Introducing Matthew R. Francis

Matthew R. Francis [] is a science journalist, public speaker, educator, and wearer of jaunty hats. He received a PhD from Rutgers University in 2006, where he studied galaxy cluster cosmology, dark energy, and the mathematical structure of gravitational theories. After finishing his doctorate, he taught college and directed a small planetarium in Tennessee.
Since 2011, Matthew has been a full-time science writer, covering astronomy, physics, planetary science, and social issues within science. His articles have been published in Physics World, Symmetry, Smithsonian Air & Space Magazine, Mosaic, Slate, NOVA, and many others. [Link to portfolio: ] He uses his background in research and teaching to help in his writing. As someone who made the transition from academic science to journalism, he mentors others who are interested in making a similar transition.
Beyond science, Matthew is finishing his first novel (well, since his teenage writings, which are best forgotten). He enjoys playing music, reading comics, talking about his cats, and taking Star Wars far too seriously. He is on Twitter @DrMRFrancis more than he should be.

Introducing Mehmet Alpaslan

Mehmet Alpaslan (@mehmsy) is a postdoctoral fellow at NASA’s Ames Research Center in Mountain View, California. He is an extragalactic astronomer that studies the role of environment on the evolution of galaxies using data from from the Galaxy And Mass Assembly (GAMA) survey. Specifically, Mehmet models the large-scale distribution of galaxies, often referred to as the Cosmic Web, and tries to understand how (or, indeed, if) galaxies in filaments differ to those in voids. He is also interested in astrostatistics and will talk about the marvels of the programming language R ad nauseam.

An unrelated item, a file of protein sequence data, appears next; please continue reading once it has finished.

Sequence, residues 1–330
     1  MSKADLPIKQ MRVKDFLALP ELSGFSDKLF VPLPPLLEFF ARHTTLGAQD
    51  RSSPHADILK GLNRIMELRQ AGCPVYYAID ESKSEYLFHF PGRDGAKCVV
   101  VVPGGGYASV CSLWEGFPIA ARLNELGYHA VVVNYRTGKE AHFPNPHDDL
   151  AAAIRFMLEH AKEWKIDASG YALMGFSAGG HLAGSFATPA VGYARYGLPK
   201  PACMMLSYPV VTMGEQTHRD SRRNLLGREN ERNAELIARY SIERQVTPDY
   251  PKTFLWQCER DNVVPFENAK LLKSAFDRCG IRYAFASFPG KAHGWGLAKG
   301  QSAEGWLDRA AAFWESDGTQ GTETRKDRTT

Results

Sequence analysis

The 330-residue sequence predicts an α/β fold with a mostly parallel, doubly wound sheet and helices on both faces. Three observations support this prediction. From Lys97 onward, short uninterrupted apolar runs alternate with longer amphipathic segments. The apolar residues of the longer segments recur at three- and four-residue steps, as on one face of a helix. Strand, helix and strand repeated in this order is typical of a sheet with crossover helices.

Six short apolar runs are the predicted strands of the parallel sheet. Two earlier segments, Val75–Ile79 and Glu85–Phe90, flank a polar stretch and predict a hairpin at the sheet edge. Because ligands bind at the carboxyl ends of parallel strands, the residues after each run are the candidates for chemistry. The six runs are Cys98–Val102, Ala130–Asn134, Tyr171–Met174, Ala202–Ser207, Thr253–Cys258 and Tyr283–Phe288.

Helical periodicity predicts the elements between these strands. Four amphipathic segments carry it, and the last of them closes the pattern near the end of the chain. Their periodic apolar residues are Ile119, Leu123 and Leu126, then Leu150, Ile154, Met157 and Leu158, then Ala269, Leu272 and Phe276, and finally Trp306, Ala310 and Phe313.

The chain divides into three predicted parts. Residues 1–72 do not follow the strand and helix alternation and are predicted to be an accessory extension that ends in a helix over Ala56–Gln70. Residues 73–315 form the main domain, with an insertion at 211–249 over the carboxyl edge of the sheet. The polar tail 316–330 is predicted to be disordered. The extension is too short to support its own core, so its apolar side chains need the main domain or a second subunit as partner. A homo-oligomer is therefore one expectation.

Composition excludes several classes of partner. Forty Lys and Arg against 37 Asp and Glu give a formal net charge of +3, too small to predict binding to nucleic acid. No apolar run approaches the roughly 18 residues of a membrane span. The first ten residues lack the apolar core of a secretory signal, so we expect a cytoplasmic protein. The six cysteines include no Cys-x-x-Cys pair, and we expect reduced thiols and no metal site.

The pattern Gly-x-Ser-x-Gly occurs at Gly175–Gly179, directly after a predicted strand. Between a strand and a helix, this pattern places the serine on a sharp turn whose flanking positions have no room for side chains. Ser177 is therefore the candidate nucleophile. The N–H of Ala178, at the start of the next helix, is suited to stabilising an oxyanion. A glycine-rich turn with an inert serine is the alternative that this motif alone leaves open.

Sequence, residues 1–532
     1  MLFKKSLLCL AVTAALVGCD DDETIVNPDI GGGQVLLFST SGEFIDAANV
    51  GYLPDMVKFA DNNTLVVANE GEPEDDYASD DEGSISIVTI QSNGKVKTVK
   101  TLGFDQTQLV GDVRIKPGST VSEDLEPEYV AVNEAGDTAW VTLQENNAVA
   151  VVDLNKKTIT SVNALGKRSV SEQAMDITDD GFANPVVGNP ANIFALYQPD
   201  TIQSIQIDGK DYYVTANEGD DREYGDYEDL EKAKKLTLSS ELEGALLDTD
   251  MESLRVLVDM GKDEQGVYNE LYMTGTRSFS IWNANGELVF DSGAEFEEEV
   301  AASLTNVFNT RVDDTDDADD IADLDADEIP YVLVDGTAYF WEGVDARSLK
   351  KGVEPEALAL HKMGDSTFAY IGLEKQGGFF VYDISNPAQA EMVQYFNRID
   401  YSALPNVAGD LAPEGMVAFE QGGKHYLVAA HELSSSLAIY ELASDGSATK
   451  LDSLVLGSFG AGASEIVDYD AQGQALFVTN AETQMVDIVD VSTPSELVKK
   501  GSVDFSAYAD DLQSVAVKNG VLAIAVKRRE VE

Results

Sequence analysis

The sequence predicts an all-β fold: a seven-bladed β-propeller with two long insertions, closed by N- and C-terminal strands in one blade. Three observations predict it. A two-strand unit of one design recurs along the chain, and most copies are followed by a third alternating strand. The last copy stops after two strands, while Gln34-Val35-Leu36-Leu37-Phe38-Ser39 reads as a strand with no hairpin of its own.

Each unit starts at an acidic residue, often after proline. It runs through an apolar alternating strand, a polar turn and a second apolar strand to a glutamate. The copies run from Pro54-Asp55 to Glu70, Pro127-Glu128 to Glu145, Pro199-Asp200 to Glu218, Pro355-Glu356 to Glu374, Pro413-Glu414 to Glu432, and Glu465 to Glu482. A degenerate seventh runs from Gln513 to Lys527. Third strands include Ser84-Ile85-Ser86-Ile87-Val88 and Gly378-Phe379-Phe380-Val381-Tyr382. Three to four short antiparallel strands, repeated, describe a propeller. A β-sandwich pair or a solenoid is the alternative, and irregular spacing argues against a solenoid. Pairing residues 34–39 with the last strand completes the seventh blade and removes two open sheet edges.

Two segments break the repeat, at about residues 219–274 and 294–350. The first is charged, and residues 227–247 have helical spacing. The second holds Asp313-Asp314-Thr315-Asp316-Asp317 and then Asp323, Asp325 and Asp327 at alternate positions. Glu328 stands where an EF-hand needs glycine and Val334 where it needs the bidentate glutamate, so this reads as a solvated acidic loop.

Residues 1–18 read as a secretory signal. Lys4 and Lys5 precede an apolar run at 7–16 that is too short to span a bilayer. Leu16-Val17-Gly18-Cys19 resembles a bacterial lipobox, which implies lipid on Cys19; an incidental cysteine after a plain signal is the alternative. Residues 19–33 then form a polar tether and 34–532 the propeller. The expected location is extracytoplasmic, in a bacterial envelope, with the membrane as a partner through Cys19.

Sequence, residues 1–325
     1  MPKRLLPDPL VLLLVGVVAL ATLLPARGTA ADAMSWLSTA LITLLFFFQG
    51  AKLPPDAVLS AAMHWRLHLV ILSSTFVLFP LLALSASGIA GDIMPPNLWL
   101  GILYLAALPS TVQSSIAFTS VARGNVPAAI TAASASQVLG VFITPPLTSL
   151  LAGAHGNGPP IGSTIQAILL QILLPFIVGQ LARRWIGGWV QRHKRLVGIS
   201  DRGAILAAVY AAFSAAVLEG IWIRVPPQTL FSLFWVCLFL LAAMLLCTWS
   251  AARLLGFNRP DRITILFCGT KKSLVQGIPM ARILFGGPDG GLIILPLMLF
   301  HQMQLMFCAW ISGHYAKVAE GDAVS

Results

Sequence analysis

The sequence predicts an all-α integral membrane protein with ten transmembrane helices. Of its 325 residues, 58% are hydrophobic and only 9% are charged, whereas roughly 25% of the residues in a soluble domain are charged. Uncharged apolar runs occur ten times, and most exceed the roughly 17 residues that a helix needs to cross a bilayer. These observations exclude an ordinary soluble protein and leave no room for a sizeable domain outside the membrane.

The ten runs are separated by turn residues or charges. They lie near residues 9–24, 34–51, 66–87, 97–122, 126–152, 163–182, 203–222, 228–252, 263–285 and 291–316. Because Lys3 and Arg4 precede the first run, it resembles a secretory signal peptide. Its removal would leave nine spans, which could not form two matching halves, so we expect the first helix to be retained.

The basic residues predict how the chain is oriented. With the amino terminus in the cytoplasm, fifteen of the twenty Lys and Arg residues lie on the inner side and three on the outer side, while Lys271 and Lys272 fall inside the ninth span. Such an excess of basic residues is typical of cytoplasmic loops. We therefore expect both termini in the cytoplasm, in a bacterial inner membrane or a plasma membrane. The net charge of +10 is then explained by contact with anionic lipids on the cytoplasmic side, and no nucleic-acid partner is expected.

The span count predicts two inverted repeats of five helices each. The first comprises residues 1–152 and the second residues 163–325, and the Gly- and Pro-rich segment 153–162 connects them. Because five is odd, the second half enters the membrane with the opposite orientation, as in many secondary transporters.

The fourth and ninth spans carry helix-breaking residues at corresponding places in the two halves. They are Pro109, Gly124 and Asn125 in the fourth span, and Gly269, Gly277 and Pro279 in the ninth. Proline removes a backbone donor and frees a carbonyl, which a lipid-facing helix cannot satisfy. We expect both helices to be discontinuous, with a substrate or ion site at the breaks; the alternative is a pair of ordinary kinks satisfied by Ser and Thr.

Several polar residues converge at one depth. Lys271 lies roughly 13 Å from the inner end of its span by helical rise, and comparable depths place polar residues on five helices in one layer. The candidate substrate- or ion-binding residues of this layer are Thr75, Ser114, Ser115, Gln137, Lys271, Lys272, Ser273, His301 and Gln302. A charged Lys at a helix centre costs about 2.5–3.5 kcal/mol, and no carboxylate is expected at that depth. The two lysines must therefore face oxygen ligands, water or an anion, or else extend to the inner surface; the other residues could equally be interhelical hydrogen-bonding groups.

Mehmet received his PhD from the University of St Andrews, having also studied at the International Centre for Radio Astronomy Research at the University of Western Australia for two years during his doctoral training. Originally Turkish, he has lived in seven countries prior to his arrival in the US. He will most likely post photos of his goofy looking Ibizan hounds.

Introducing Stephanie Bernard

Stephanie Bernard is a third-year PhD student in the School of Physics at the University of Melbourne, in Australia. Her work focuses on galaxies during the epoch of reionisation, when the Universe was less than one billion years old. These galaxies are thought to contribute to the reionisation of the Universe, when the hydrogen in the Universe went from a neutral to an ionised state. Using imaging data from the Hubble Space Telescope’s Wide Field Camera 3, and follow-up observations with the Spitzer Space Telescope, Stephanie is looking for the very brightest, rarest galaxies during this time.

Stephanie received her BSc in physics from the University of Melbourne, and also received a concurrent diploma in Russian language. She then completed a MSc in physics, also from Melbourne, with thesis work on supernovae externally supervised at Swinburne University of Technology, also in Melbourne. She enjoys public outreach, and has worked with schools around Melbourne as a part of the Telescopes in Schools program, run by the Melbourne astrophysics group. Outside astronomy, she greatly enjoys film photography and knitting.